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On the hunt for decorative boxes that break out of the stylistic box? Here at Chairish, we’ve curated one of the virtual world’s most impressive collections of out-of-the-box boxes. From darling Limoges boxes to postmodernist stone boxes and Victorian-era sterling boxes, our selection is full of treasures just waiting to be discovered. Looking for a vintage box in a particular color to complete a coffee table vignette? We carry boxes in virtually every color imaginable, and our color filters make it easy to view only those decorative boxes that suit your color scheme. Simply choose a color like green, purple, or blue to shop for vibrant green malachite boxes, lavender Mandruzzato boxes, and cerulean Bitossi ceramic boxes. Unlike other online outlets, you won’t find just a handful of antique decorative boxes for sale, either. Our collection includes thousands of boxes, hand-curated by our team of style experts. Our hyper-intentional edit means finding a vintage box with serious style is a breeze.

Box Party! Shop Chic and Unique Vintage Box Designs

At Chairish, we partner with thousands of vintage dealers to bring you a one-of-a-kind edit of vintage boxes. Shop small vintage box designs in playful shapes like apples, pears, candies, and books. Discover sophisticated stone boxes from sought-after makers like Maitland-Smith, as well as department stores like Lord & Taylor and luxury brands like Gucci. Shop brass and porcelain boxes that hail from India, China, Morocco and beyond. With boxes crafted of virtually every material you can imagine—alabaster, glass, brass, porcelain, wood—you’re sure to find the perfect piece to bring your vanity, coffee table, or mantel to life!

3 Vintage Box Designs to Know

Limoges Boxes

No, they might not be the most practical of decorative boxes (although we will say that they fit a pair of AirPods nicely), but it’s hard to deny the allure of Limoges porcelain boxes. A catchall name used to describe pill-sized boxes made of kaolin clay that originates in Limoges, France, Limoges boxes were originally designed to hold thimbles and other similar sewing accouterments in 18th century France. As time went on they increasingly became used as snuff boxes among France’s aristocratic class.

Part of what makes Limoges boxes so popular is their collectability. Limoges boxes are generally modeled after everyday items, such as violins, dogs, bicycles—and even more irreverent items like cheese plates or NYC taxis. Though they’re extremely small decorative boxes, Limoges boxes are perfect for adding function to a vanity (use them to corral everyday rings or earrings), or a sink top to store salves or other skin tonics (according to many historians, it was once common to pour perfumes or creams right into Limoges boxes’ basins). Phone SIM cards, keys, and USBs are also small enough to make use of Limoges boxes.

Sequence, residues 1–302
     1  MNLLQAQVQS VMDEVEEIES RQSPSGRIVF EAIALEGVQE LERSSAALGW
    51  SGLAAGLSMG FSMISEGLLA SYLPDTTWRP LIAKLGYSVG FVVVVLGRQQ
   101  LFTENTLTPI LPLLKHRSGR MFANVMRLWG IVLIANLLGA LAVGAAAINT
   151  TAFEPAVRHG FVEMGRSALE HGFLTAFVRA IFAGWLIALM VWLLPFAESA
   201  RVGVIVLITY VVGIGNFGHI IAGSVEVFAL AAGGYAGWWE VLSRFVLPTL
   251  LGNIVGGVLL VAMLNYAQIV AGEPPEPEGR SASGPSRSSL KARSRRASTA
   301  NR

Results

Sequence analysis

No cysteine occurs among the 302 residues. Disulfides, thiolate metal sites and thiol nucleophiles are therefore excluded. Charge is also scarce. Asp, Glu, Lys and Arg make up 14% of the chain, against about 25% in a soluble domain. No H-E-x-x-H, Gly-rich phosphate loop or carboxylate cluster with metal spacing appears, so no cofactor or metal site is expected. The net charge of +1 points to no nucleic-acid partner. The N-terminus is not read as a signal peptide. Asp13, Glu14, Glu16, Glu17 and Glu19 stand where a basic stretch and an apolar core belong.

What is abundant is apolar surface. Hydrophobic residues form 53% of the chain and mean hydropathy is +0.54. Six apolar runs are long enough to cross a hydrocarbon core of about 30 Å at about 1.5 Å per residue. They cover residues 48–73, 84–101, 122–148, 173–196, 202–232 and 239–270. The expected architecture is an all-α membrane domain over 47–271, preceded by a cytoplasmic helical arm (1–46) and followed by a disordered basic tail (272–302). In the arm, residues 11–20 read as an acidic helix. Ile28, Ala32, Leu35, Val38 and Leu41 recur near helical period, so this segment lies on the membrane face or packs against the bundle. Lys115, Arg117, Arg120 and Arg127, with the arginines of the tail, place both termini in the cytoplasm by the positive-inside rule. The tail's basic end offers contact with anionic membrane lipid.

Mandruzzato Boxes

Benjamin Mandruzzato was a Murano glass maestro who began crafting in 1934. He passed the craft onto his son and grandchildren who have helped define the signature Mandruzzato style as minimalist and overarchingly geometric. Mandruzzato boxes have gained special appeal thanks to their glamorous, postmodern aesthetic. Featuring a technique that could be likened to sommerso (which involves submerging one color of glass into another to create an encapsulated form), Mandruzzato boxes typically feature a clear or smoked glass outer layer that surrounds a colored glass interior box. Rather than sharp, defined edges, the interior boxes possess rounded, almost globular-like forms.

Mandruzzato boxes are perfect complements to 1970s glam style (think Milo Baughman Parsons tables, Lucite chandeliers, Pierre Paulin ribbon chairs), as well as colorful maximalist interiors. Since these decorative glass boxes could easily be mistaken for sculpture, use them on bookshelves, etageres, and desktops. Some sizes are also large enough to be used as proper jewelry boxes. For those on a mission to curb not only household clutter, but decorative clutter as well, Mandruzzato boxes are perfection when stationed solo on a statement dresser or console.

Cloisonné Boxes

Cloisonné boxes are usually synonymous with chinoiserie. These small decorative boxes are usually round, or square with rounded edges and feature elaborate scrollwork. While cloisonné can come in any color, shades of blue, green, and black are particularly prevalent. The word cloisonné derives from an ancient technique that consists of decorating an object with colored enamel held in place with stripes of flattened gold or black wire. The result is similar to stained glass, although overall, less puzzled-together-looking.

Interestingly, cloisonné boxes are frequently sold in pairs. The pairs can either be identical or complementary. Nesting cloisonné boxes are also common. Cloisonné boxes’ intricate scrollwork makes them especially striking when displayed in multiples. Try clustering a few on a side table or nightstand to procure a stunning effect.